How is RRSP Deduction Limit / Contribution Room Calculated?
Long Definition: a taxpayer’s RRSP deduction limit for a year is equal to 18% of the taxpayer’s earned income for the previous year (to a maximum amount) minus an amount in respect of benefits that accrued to the taxpayer under registered pension plans (RPPs) and deferred profit sharing plans (DPSPs) for the previous year [1 ].
Short Definition: a taxpayer’s RRSP deduction limit for a year is equal to 18% of the taxpayer’s earned income for the previous year (to a maximum amount). The maximum amount of RRSP contribution limit is as follows:
$20,000 for year 2008
$21,000 for year 2009
$22,000 for year 2010
$22,450 for year 2011
$22,970 for year 2012
$23,820 for year 2013
$24,270 for year 2014
“Earned Income” is not the same as Total Income (line 150), Net Income (line 236), Taxable Income (line 260), or Gross Income.
For example: interest earned in your saving accounts and dividends received from your company will not count toward earned income, but is still included in your total income (line 150) to be taxed. Only earned income is used in calculating RRSP contribution room.
The earned income does NOT include pension income, regular EI benefit, interest income, capital gains, dividends or distributions from limited partnerships. You still need to pay income tax on those incomes; however, you cannot use them to calculate your RRSP contribution room (aka RRSP Deduction Limit).
The definition of “Earned Income” can be found in Income Tax Act subsection 146(1). It’s a very complicated definition,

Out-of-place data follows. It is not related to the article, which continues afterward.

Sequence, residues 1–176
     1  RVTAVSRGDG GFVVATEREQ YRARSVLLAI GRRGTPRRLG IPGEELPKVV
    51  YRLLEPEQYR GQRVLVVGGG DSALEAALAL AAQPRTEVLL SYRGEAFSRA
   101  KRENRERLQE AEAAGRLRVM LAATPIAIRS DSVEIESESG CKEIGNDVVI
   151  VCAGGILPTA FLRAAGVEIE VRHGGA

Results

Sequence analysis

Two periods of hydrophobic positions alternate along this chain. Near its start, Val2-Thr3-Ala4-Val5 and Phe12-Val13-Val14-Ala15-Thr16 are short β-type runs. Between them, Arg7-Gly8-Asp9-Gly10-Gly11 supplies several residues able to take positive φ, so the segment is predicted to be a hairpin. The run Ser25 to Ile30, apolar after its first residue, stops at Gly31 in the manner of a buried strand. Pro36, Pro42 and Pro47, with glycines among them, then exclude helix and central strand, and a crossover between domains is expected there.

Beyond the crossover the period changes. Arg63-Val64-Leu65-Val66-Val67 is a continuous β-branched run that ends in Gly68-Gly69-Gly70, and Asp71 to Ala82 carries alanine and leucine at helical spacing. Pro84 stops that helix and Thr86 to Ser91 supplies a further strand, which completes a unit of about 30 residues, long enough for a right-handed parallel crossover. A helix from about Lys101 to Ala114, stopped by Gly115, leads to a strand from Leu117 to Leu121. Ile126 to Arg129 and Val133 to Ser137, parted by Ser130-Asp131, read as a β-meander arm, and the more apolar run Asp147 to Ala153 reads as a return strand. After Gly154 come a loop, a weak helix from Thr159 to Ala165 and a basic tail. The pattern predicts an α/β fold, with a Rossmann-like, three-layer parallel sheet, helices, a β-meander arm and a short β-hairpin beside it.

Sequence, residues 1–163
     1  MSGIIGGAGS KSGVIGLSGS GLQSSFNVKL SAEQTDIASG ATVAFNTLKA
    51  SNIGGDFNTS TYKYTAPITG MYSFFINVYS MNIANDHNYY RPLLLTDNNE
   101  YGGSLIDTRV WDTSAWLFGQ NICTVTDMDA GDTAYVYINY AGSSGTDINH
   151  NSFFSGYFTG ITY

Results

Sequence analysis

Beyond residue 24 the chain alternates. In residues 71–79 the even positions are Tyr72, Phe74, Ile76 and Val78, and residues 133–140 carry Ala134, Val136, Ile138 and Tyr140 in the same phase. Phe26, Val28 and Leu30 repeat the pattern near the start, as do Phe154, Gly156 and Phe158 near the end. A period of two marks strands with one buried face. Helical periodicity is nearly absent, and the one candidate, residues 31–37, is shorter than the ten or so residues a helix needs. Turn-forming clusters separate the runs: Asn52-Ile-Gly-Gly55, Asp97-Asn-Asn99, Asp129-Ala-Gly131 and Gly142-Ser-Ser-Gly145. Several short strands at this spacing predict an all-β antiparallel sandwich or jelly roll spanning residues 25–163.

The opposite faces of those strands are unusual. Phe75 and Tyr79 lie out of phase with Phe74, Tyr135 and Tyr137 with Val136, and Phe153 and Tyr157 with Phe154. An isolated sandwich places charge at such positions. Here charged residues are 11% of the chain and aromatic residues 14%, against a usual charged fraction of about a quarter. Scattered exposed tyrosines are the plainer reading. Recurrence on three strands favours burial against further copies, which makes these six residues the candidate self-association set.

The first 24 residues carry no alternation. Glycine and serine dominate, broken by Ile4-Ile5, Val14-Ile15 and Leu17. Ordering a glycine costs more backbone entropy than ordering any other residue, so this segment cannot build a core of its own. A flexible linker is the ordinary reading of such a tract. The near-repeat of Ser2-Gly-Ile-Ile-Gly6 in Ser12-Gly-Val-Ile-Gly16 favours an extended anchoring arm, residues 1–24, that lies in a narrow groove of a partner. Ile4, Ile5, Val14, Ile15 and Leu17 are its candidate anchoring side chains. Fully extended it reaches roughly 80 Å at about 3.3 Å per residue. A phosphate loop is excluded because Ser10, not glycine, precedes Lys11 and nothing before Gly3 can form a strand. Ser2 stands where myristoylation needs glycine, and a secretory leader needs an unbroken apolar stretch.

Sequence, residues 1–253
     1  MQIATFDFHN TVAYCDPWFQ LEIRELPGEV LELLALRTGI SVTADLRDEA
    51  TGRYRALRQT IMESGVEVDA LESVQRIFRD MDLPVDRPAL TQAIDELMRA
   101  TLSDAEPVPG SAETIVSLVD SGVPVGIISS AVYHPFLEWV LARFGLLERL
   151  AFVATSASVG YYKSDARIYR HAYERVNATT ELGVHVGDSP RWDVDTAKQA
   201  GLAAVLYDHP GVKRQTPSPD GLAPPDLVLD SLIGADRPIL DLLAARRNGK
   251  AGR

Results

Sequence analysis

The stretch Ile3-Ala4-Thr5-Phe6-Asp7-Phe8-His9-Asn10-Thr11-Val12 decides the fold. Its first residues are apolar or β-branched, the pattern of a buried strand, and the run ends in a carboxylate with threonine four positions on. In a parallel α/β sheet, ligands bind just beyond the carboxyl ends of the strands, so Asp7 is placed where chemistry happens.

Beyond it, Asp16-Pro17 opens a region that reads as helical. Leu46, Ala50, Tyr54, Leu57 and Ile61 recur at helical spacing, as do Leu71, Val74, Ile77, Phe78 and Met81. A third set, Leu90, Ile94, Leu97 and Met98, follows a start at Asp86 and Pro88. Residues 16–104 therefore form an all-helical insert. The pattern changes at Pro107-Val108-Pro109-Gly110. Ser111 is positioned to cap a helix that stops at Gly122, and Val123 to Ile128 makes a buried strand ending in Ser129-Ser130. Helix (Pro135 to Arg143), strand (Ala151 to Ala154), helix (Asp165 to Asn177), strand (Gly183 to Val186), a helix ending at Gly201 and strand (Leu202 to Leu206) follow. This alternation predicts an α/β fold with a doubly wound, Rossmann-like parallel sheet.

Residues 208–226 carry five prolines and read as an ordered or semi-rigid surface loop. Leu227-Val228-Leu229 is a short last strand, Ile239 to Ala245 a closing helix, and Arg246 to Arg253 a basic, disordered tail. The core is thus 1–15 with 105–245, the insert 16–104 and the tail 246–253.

and I won’t dig it out. If you want to know, you can read the references [1. 2. 3 ], or read my summary below.
Essentially, earned income consists of:
- Disability benefits received under the CANADA PENSION PLAN or the QUEBEC PENSION PLAN
- all salaries, wages, tips, and other remuneration from an office or employment
- NET income from self-employment
- Supplementary unemployment benefits – not regular EI benefits
- all amounts included in computing employment income by virtue of sections 6 and 7 (employment benefits and employee stock option benefits)
- all scholarships, fellowships, bursaries, prizes and research grants to the extent they are included in income under paragraph 56(1)(n) or (o)
- Royalties from any work or invention you created
- any governmental financial assistance as defined under paragraph 56(1)(r)
- incomes (excluding losses) from all businesses carried on alone or as a partner actively engaged in the business of the partnership; eg, NET rental incomes from real property
- Canadian-source business or employment income earned while non-resident
- Alimony and maintenance payments received
Generally, an actively engaged partner is one who contributes time, labour and attention to the partnership business and the quantity and quality of the partner’s efforts are expected to be factors in determining the amount of partnership profits. The amounts described in (b) to (f) above are to be taken into account in calculating a taxpayer’s earned income even though these amounts, by reason of paragraph 81(1)(a) (statutory exemptions) or subsection 81(4) (payments for volunteer services), may not be required to be included in income.